12 Light Sources

In order for objects in a scene to be visible, there must be a source of illumination so that some light is reflected from them to the camera sensor. To that end, this chapter first presents the Light interface, which allows specification of a variety of types of light sources. (Before reading this chapter, you may wish to review Section 4.4, which describes the physical processes underlying light emission.)

The implementations of a number of useful light sources follow. Because the implementations of different types of lights are all hidden behind a carefully designed interface, the light transport routines in Chapters 13 through 15 can generally operate without knowing which particular types of lights are in the scene, similar to how acceleration structures can hold collections of different types of primitives without needing to know the details of their actual representations.

A wide variety of light source models are introduced in this chapter, although the variety is slightly limited by pbrt’s physically based design. Many non-physical light source models have been developed for computer graphics, incorporating control over properties like the rate at which the light falls off with distance, which objects are illuminated by the light, which objects cast shadows from the light, and so on. These sorts of controls are incompatible with physically based light transport algorithms and thus cannot be provided in the models here.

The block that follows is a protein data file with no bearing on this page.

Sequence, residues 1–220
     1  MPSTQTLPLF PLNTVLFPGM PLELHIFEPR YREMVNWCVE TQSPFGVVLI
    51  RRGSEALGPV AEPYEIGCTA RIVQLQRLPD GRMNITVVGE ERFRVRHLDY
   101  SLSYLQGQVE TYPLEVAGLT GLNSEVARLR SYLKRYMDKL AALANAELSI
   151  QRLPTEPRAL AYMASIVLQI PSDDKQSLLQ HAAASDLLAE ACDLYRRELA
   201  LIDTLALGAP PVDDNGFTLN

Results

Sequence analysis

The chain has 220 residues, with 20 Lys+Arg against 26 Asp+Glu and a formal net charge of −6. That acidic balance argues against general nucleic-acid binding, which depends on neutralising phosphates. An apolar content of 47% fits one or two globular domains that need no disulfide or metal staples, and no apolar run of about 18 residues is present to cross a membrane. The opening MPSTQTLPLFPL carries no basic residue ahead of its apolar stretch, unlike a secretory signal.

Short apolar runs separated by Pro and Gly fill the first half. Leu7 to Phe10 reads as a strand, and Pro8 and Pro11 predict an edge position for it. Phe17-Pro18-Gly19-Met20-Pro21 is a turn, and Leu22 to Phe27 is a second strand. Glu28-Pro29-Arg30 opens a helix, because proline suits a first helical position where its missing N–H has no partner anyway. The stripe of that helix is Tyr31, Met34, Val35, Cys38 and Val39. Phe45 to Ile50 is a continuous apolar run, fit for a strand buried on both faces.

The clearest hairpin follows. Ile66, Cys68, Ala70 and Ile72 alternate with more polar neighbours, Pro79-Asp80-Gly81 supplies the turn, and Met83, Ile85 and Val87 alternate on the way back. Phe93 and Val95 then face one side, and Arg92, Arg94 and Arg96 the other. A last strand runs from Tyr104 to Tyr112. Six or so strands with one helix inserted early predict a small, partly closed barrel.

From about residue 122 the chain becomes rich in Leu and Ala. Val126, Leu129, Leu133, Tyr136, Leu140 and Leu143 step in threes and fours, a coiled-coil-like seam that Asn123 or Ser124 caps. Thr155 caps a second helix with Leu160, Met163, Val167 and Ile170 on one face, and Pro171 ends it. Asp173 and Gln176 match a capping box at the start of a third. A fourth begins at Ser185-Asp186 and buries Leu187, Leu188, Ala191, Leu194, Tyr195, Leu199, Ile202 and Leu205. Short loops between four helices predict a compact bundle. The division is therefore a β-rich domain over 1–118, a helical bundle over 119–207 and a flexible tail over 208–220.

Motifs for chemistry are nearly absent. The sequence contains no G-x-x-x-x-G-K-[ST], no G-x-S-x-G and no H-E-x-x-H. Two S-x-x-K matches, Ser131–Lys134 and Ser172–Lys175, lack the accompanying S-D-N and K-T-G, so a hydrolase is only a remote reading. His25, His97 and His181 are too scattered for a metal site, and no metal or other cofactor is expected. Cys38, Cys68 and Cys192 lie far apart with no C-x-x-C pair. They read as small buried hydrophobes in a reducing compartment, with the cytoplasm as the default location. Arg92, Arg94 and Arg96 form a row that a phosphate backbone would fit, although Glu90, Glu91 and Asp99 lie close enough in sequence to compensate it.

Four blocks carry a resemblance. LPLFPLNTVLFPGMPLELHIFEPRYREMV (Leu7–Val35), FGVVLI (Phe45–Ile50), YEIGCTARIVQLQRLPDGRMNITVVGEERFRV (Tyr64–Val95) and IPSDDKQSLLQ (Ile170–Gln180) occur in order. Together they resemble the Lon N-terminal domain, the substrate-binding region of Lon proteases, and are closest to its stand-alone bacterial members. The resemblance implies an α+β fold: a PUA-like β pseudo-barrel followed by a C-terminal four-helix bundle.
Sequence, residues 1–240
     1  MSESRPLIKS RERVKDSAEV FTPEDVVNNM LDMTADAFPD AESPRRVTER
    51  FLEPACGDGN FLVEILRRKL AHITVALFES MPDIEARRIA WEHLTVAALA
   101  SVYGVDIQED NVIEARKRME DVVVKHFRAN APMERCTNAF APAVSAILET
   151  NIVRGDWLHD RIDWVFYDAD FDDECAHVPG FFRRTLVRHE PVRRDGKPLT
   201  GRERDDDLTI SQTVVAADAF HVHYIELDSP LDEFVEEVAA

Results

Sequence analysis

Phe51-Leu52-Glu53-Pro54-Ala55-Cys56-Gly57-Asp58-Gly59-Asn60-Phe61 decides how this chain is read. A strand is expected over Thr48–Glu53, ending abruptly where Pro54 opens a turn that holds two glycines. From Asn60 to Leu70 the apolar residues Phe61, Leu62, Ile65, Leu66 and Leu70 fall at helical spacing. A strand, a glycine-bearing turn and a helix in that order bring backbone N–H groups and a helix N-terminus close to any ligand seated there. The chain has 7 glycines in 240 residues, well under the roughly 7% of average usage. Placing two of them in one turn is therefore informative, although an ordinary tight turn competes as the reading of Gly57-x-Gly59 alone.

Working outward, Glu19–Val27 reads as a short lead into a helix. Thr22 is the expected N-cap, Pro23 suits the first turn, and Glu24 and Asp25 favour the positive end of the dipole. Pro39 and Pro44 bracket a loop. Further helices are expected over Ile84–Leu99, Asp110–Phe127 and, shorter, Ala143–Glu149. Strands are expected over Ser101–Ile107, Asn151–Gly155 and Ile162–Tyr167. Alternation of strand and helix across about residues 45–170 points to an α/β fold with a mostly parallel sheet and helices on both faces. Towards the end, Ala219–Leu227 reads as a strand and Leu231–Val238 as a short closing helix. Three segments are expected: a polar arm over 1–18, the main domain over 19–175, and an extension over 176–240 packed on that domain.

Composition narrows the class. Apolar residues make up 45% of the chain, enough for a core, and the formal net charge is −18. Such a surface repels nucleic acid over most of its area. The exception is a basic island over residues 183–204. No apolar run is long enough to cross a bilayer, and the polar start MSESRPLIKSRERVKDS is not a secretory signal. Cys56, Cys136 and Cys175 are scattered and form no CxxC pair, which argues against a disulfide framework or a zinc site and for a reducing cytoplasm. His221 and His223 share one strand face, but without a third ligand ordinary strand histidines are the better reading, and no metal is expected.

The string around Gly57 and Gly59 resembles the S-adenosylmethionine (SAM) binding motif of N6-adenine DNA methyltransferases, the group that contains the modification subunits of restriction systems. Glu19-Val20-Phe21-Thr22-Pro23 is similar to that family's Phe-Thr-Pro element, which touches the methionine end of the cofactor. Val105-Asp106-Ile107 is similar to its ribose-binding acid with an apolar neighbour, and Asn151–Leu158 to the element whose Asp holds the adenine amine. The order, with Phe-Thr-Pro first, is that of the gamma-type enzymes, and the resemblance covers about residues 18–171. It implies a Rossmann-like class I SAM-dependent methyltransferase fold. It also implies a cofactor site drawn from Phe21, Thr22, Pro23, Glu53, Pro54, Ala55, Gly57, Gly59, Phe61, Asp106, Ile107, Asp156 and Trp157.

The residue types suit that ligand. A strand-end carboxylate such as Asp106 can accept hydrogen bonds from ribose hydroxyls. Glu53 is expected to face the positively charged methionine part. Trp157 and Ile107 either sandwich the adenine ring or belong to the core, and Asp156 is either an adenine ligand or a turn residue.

As an example of the problems such lighting controls pose, consider a light that does not cast shadows: the total energy arriving at surfaces in the scene increases without bound as more surfaces are added. Consider a series of concentric shells of spheres around such a light; if occlusion is ignored, each added shell increases the total received energy. This directly violates the principle that the total energy arriving at surfaces illuminated by the light cannot be greater than the total energy emitted by the light.

In scenes with many lights, it is impractical to account for the illumination from all of them at each point being shaded. Fortunately, this issue is yet another that can be handled stochastically. Given a suitable weighting factor, an unbiased estimate of the effect of illumination from all the lights can be computed by considering just a few of them, or even just one. The last section of this chapter therefore introduces the LightSampler, which defines an interface for choosing such light sources as well as a number of implementations of it.